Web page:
Life as a new mother can be thrilling, tiring, and overwhelming; you’ve just brought a little one into the world, and you're full of love for the new addition to your family. You’ve spent the last nine months preparing for these days, and now it’s time to put all that you’ve learned into practice.
It’s an exciting time, but there’s still a lot to get used to, especially if this is your first child. Now you’ve got night-time feeds, postpartum hormone changes and a whole lot of physical changes to look forward to! Your body has changed a lot already, but there may be more change to come. These changes are likely totally normal, but some of them can feel concerning if you aren’t sure what to expect.
One thing to be aware of is postpartum bleeding, also known as lochia.
What is lochia?
Lochia is another word for postpartum bleeding. It differs in appearance from menstrual blood and is typically a dark red color. This blood flow is usually quite heavy and is a result of the placenta coming away from the walls of your womb. It can also be caused by the body ridding itself of the extra blood and tissue it used to nourish the baby during pregnancy.
Postpartum bleeding is often a little uncomfortable, but it does not indicate anything other than the fact that you have just had a baby!
How long do you bleed after giving birth?
This heavy postpartum bleed can last up to ten days after you give birth. You might experience some light bleeding (or spotting) up to six weeks following birth. Of course, this is a wide time gap and varies from person to person. If you ever have any concerns, don’t be afraid to reach out to your doctor for reassurance.
As for the amount of blood, you’ll experience a heavy, dark red flow at first which will reduce overtime to simply creamy yellow stains. You’ll also likely pass some blood clots, and while this is normal, it’s good to keep track of. Keep an eye on the blood clots you pass, and let your midwife know if you pass a lot of large blood clots or more than a pint of blood in the first 24 hours. These symptoms are rare, but they can indicate primary postpartum hemorrhage, which is experienced by five in 100 women. Again, this number is low, but it is worth paying attention to, especially if you give birth and recover outside of a hospital setting.
How long do you bleed after a C-section?
As with vaginal birth, some bleeding after a cesarean or C-section is to be expected. You will likely experience some vaginal bleeding for two to six weeks after giving birth. This is completely normal and is no cause for panic. The blood comes from where the placenta was attached to your womb and will be heaviest on the first day.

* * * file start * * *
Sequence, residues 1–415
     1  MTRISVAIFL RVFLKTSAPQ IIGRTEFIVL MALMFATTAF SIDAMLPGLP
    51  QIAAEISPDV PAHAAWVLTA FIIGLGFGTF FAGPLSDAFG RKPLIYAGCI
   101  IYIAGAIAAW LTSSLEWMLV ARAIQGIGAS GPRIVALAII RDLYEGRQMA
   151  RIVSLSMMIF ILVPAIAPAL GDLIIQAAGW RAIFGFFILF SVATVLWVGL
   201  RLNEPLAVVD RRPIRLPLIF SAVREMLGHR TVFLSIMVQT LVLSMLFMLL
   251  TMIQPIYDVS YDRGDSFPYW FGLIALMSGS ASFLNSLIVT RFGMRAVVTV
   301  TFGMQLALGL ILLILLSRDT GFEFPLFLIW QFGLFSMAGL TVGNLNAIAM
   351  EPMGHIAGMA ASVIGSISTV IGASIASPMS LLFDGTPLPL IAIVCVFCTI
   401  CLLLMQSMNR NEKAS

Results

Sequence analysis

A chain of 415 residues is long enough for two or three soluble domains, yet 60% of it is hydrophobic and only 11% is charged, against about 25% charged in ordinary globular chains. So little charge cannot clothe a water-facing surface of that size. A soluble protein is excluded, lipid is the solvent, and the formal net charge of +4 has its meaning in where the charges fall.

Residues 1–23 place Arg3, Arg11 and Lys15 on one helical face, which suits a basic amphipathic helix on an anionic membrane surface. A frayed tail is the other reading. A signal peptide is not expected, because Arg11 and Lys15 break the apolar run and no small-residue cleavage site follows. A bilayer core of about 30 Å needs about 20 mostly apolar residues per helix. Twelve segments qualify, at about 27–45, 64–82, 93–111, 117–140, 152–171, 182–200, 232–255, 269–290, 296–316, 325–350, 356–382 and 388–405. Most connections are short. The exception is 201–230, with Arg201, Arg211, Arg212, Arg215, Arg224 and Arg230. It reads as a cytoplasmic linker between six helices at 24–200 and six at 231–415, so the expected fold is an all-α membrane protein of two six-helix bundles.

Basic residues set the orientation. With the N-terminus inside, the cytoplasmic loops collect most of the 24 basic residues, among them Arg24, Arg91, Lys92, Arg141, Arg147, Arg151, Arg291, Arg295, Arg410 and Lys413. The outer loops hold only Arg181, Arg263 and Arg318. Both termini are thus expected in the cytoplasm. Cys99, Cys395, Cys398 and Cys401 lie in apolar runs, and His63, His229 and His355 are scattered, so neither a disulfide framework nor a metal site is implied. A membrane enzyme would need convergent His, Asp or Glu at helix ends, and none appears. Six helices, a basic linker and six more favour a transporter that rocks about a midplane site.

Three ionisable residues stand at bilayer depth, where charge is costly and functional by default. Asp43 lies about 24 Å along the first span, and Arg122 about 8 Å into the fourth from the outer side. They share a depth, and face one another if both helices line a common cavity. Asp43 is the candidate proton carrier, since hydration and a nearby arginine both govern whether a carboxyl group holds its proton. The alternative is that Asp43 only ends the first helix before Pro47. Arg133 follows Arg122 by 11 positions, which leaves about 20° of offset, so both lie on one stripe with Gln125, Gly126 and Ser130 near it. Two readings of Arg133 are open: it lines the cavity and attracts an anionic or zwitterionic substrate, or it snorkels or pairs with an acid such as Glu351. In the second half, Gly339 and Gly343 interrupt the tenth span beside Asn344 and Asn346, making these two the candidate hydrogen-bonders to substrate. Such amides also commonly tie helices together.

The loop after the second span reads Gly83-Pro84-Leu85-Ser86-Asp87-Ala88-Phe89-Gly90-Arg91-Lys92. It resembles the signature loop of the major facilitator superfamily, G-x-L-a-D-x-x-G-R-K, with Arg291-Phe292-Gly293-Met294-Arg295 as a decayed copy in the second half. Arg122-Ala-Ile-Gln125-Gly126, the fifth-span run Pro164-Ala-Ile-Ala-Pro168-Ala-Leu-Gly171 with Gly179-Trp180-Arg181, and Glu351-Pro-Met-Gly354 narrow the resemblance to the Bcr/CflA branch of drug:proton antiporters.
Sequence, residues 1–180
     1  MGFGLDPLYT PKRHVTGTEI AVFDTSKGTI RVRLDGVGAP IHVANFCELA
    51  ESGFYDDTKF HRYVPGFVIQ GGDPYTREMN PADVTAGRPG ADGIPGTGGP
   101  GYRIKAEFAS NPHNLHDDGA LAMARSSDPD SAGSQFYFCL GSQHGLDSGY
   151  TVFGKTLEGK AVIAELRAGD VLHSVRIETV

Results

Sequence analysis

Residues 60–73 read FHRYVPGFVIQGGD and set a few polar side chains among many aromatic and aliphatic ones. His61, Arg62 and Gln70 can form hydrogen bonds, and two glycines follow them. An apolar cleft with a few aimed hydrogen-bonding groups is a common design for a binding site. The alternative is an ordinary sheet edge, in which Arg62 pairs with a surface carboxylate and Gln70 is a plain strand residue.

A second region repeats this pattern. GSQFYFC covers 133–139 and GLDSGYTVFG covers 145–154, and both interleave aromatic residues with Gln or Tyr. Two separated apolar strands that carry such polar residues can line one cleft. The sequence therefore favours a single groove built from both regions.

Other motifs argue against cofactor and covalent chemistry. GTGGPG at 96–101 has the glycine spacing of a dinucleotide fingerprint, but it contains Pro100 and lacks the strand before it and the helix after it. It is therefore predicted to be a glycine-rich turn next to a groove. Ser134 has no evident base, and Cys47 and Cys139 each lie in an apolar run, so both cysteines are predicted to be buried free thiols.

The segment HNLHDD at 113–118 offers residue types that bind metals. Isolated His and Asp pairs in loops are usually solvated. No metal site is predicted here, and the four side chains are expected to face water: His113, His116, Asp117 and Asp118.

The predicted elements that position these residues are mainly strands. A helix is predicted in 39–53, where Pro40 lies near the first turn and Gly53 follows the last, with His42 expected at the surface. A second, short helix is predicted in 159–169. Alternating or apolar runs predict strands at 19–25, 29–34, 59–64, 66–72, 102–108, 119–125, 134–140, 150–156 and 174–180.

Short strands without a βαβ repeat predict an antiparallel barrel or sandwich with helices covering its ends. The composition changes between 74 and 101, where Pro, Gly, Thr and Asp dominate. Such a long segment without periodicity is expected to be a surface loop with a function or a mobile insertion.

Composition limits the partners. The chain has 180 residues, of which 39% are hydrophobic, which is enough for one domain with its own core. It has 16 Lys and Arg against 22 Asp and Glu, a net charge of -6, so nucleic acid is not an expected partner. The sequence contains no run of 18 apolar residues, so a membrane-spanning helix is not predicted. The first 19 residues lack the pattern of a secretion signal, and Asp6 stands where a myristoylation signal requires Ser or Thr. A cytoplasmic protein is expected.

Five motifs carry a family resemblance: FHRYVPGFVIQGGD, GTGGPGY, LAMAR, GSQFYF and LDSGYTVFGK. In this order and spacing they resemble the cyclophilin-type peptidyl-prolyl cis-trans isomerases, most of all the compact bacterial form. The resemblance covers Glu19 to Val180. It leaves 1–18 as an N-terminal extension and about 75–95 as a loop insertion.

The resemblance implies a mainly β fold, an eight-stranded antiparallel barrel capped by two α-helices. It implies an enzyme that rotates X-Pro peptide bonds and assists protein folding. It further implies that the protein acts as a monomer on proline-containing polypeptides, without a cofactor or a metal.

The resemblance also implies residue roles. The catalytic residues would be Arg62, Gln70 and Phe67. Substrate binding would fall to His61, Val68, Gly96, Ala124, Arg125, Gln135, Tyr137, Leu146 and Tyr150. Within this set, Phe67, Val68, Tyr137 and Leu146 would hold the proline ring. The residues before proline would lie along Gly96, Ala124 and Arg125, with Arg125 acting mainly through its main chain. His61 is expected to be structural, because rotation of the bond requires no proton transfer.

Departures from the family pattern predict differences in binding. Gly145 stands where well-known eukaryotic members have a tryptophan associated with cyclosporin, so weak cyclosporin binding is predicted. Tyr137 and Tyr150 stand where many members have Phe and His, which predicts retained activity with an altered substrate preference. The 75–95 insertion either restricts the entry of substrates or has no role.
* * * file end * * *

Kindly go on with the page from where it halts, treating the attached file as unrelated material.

Over the first few weeks after you have your baby, the bleeding should become less heavy, and it will be a light pink or brown in appearance.
Your bleeding may be a little heavier first thing in the morning or if you’ve been more active than usual (this may mean something as simple as vacuuming).
My postpartum bleeding stopped and started again - why?
It’s important to remember that it is normal for lochia to stop and start. This can be caused by a change in hormones or activity, and is very common. As the body’s hormones fluctuate and adjust to no longer having a baby inside, this bleeding may subside and return. One 1997 study found that the median duration of postpartum bleeding was 27 days, and didn’t vary by the age, sex or weight of the infant, so you can expect some bleeding for quite some time after you’ve given birth.
How long does bleeding last after birth if breastfeeding?
- Invest in a few pairs of postpartum period underwear. This will remove the worry of having to change maternity pads every couple of hours and allow you to focus on taking care of yourself and your baby. These period panties should feel supportive and comfortable and provide you with a little extra reassurance during a time when you’re prone to leaking.
- Wear loose clothing and stay comfortable. There’s no rush to get back in a pair of jeans, and it’s best to try and stay cool down there to prevent infection.
- Take a sitz bath. After giving birth, you may have a wound in your perineal area, so it can help to soothe that wound by reducing the inflammation. Hygiene is more important now than ever, and you should aim to reduce your risk of infection as thoroughly as you can. Wash your hands before and after using the toilet and changing your pad/ underwear, and avoid touching any wounds or dressings if you can.
You may experience heavier bleeding of a brighter red color for a little while after you start to breastfeed. This change of color and intensity is caused by your body producing hormones when you breastfeed. This, in turn, causes the womb to contract, which may give you cramps and physical discomfort.
While breastfeeding may cause slightly heavier and differently-colored bleeding while you breastfeed, it should not extend the length of time for which you experience it. In fact, some nurses believe that breastfeeding can help to shrink your uterus back to the size it was before you became pregnant.
As with many bodily changes in the time immediately following the birth of your baby, it’s worth remembering that your body has already been through a lot of changes. Postpartum bleeding is normal, and while it may be uncomfortable, it is nothing to worry about. There are ways in which you can prepare for and deal with lochia:
Postpartum bleeding can be uncomfortable and even concerning, but rest assured that it a natural part of becoming a new mom. You can expect your flow to vary throughout the first six weeks of your baby’s life, and if you ever have any worries, there will always be someone you can turn to for reassurance and advice. If you’re thinking about making your life just a little easier with period underwear, click here to see our postpartum underwear range.